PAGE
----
Growth Fatal Drug Herion  (Time Magazine, March 2016)

Statistics from the Bureau of Labor and Statistics to keep in mind as an employer:

  • More than six percent of the population over 12 years of age (9 million people) has used drugs within the past thirty days. Rates of use remain highest among persons aged 16 to 25 – the age group entering the work force most rapidly.
  • Seventy-three percent of all current drug users aged 18 and older (8.3 million adults) are employed. This includes 6.7 million full-time workers and 1.6 million part-time workers.
  • Construction workers (15.6%); sales personnel (11.4%); food preparation, wait staff, and bartenders (11.2%); handlers, helpers, and laborers (10.6%,); and machine operators and inspectors (10.5%) reported the highest rates of current illicit drug use. Protective service workers reported the lowest rate of current drug use (3.2%).

Drugs affect employers in many ways including workplace safety.  Implementing a drug policy for the workplace can significantly reduce absenteeism, improve morale and productivity, and reduce accidents, downtime, turnover, and theft.  Companies with longstanding programs have shown that there are improvements to overall employee health including a decreased utilization of the company’s medical insurance benefits.  For information on establishing a comprehensive drug and alcohol program, check out this previous post by Dave Darnley.  State law differs widely regarding the requirements for implementing and maintaining a workplace drug policy, so policies should be approved by a legal professional proficient in your states laws.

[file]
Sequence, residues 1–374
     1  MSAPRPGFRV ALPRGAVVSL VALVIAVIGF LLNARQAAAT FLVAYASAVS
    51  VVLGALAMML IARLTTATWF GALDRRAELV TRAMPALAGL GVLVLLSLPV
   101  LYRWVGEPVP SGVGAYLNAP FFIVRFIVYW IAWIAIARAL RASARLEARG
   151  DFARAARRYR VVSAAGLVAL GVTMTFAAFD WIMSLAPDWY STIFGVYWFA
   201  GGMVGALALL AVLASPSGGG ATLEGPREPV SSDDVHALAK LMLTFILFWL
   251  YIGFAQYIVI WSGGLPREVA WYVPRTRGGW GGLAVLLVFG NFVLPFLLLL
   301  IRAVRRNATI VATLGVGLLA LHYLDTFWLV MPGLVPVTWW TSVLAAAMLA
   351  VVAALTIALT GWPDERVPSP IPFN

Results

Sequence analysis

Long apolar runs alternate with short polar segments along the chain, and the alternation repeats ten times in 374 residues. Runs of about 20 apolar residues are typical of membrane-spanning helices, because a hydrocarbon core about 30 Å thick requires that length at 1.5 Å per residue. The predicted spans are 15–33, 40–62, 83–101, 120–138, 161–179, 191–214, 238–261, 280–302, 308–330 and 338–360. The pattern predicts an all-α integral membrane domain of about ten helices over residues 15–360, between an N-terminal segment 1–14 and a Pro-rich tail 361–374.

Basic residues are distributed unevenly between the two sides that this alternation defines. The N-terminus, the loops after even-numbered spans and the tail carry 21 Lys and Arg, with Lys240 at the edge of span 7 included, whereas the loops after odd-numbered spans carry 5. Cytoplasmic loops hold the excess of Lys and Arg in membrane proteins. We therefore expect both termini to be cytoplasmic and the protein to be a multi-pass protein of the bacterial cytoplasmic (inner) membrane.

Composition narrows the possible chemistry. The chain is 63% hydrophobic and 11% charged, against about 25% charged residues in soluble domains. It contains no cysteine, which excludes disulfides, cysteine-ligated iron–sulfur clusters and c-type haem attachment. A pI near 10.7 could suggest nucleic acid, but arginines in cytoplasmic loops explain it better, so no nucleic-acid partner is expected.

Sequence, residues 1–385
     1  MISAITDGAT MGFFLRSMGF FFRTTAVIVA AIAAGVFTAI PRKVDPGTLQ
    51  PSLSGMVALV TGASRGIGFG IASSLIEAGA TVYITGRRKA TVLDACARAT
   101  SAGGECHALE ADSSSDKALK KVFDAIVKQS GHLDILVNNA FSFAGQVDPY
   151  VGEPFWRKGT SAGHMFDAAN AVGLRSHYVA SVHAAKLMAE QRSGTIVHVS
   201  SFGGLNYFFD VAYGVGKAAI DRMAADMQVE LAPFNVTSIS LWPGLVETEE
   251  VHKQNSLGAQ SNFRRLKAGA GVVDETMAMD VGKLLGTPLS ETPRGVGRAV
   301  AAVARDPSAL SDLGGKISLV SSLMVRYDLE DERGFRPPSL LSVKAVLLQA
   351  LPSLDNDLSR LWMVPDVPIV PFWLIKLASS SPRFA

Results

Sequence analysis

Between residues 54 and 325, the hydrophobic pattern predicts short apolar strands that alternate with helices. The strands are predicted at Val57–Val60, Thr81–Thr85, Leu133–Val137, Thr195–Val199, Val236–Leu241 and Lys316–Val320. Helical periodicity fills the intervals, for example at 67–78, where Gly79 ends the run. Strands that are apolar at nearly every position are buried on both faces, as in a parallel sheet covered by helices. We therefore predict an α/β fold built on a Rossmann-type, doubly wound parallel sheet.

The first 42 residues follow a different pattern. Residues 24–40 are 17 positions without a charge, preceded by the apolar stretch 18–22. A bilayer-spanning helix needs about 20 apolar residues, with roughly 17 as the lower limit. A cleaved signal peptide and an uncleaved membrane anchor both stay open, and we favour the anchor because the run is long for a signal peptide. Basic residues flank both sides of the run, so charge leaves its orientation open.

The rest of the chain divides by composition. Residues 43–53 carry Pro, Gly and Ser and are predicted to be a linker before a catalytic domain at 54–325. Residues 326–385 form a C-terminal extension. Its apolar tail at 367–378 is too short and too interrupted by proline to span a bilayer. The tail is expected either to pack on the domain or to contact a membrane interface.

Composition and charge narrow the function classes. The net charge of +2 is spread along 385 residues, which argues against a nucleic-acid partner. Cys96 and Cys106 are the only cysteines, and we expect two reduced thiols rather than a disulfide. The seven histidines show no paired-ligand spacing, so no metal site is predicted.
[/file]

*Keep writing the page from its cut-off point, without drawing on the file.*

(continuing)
State law also differ widely when it comes to prescription drug monitoring programs and limiting the strength and duration of opioid prescriptions.  25% of prescription costs in workers' compensation claims being opioid painkillers and it has been shown that if an injured worker is on an opioid based pain medication that the cost of their claim goes up about 4 times that of a similar claim without the opioid use.  This article by MEMIC’s Senior Vice President of Claims details how the most effective laws follow best practices developed by leaders in workers’ comp.